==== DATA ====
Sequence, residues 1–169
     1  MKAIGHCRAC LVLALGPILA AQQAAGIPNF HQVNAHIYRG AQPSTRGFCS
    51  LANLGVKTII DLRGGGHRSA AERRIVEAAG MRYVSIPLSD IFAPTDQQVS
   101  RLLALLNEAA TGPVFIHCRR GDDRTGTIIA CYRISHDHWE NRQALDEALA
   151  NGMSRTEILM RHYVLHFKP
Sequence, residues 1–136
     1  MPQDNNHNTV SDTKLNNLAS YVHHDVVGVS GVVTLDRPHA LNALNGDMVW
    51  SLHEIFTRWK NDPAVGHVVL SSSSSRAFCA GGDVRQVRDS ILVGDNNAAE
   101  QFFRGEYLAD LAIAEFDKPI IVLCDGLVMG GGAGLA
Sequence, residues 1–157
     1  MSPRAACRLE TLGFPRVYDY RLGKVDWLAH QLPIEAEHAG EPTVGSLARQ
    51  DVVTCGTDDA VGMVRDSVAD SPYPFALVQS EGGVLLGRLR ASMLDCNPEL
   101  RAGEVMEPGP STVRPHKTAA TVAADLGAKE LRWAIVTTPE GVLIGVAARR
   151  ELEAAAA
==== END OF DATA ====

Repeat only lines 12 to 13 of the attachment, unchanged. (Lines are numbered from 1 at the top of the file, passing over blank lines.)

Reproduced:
    51  DVVTCGTDDA VGMVRDSVAD SPYPFALVQS EGGVLLGRLR ASMLDCNPEL
   101  RAGEVMEPGP STVRPHKTAA TVAADLGAKE LRWAIVTTPE GVLIGVAARR